For whatever reason, they find themselves attracted to the same sort of person — sometimes, over and over — and the relationships end up the same every time.

Now that you have awareness of what happened in your past toxic relationship, it might be easier for you to recognize the things that you need to do differently when it’s time to date.

You might now recognize the kind of person you want to date, the kind of behaviors you want both of you to exhibit, and the kind of feelings you want the next person to make you feel.

I have a client who was in a relationship with someone she didn’t trust. He had fooled around repeatedly and lied to her about it. She was determined to find someone she could trust the next time around, and she did.

And, while that relationship didn’t work out, she knew going out of it that there were guys out there she could trust, ones who are not only incredibly trustworthy, but those who have many of the traits that her old boyfriend lacked.

5. Go slow.

So many people meet someone, fall madly in love, and then fall quickly into bed without even getting to know the new person.

When that new person finally starts to show their true selves, you're often too far in to get out of the relationship easily.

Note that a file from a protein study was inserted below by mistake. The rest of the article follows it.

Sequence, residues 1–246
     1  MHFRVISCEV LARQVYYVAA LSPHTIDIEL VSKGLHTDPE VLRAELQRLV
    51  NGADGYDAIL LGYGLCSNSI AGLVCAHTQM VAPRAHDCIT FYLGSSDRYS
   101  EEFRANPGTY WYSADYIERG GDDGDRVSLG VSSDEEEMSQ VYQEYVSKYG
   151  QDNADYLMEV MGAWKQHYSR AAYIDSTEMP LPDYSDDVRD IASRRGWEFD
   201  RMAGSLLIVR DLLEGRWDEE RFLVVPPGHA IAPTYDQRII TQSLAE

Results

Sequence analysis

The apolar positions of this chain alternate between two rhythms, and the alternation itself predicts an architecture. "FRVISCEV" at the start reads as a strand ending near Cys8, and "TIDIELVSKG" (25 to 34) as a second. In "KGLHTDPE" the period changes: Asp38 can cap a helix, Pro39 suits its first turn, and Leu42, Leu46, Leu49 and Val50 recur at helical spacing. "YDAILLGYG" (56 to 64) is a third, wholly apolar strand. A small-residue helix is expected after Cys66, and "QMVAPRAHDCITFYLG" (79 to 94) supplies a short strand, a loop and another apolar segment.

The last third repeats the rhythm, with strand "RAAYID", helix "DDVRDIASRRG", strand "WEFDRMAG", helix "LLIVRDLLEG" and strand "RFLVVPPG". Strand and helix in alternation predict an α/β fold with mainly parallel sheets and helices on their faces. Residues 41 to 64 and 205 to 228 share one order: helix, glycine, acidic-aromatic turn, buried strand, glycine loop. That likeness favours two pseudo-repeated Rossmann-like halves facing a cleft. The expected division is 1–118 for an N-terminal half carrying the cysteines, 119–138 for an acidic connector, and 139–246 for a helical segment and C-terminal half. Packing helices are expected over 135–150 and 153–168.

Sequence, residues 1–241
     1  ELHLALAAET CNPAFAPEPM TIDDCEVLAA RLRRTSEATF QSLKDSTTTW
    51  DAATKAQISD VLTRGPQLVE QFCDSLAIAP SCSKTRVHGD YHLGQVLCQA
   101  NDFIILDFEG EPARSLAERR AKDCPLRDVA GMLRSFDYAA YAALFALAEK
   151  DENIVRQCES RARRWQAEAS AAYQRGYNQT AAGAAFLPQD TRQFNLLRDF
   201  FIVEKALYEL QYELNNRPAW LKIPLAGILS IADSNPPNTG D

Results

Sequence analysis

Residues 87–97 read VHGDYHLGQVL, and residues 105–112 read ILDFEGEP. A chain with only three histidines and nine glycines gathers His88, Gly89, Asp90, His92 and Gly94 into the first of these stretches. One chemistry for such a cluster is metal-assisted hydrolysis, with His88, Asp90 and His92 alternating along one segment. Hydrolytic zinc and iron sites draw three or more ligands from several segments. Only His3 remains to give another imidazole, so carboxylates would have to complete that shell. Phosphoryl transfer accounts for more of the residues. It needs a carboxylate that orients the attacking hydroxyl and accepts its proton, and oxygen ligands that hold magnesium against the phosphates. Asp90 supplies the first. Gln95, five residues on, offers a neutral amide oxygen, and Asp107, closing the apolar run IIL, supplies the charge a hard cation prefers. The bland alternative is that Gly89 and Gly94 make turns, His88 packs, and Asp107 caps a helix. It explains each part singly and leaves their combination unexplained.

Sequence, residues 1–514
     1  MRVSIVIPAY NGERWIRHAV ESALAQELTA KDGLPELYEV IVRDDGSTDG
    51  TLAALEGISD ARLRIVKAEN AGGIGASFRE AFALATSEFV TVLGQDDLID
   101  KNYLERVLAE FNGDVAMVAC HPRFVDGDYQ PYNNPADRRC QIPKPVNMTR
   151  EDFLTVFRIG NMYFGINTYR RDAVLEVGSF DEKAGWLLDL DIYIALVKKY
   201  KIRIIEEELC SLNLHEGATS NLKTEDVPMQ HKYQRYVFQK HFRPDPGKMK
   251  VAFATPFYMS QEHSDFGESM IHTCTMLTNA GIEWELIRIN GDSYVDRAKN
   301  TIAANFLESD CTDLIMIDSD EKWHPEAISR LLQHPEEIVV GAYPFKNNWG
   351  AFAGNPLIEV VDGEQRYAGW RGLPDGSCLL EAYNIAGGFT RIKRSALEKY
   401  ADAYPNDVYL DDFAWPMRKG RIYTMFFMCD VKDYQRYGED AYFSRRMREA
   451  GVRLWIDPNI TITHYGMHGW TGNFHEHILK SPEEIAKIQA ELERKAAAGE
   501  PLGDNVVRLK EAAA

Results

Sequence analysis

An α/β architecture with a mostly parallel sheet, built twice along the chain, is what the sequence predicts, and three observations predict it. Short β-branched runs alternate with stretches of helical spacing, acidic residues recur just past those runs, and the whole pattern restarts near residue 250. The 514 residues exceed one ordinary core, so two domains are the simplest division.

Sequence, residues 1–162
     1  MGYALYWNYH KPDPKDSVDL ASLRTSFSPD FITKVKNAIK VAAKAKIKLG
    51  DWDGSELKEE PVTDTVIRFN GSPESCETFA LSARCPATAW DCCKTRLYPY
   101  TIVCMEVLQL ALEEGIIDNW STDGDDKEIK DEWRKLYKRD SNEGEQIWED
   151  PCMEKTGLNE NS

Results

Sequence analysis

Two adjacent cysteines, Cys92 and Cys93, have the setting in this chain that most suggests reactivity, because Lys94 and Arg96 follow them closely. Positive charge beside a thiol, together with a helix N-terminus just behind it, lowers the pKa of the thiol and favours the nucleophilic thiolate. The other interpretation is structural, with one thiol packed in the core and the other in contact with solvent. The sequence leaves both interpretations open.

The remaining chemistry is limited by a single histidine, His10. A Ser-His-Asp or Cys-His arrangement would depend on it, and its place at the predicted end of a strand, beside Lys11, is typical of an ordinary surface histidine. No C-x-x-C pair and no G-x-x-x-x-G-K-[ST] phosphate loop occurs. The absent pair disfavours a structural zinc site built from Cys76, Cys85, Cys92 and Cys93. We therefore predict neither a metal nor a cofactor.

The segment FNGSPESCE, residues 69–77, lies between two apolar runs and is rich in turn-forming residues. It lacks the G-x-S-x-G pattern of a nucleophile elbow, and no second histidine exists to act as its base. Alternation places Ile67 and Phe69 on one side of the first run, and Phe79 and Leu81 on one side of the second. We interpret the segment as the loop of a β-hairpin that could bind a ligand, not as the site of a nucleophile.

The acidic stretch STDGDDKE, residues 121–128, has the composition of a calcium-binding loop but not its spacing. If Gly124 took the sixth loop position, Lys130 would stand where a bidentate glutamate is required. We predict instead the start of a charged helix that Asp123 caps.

If you meet someone you like, take your time. Get to know their likes and dislikes, their past relationships, their relationships with their parents, and their hopes and dreams for the future.

And don't fall into bed with them!

Sex changes everything, especially for women who seem to get more attached to someone after they've had sex, even if they weren’t particularly attached before.

My boyfriend, the love of my life, was a friend for six months before we started dating. And because there was no prospect of dating, we were open and honest with each other.

We told each other many things about ourselves that made us quite vulnerable.

By the time we started dating, we knew and trusted each other. Our lovemaking was intimate, and our love grew quickly from there and was healthy.

As you take the first step into dating after a toxic relationship, take it slow. Don’t do it like you did last time. (You took it fast, didn’t you?)

Get to know this person before you give them your heart and your body. You will set yourself up for success if you do.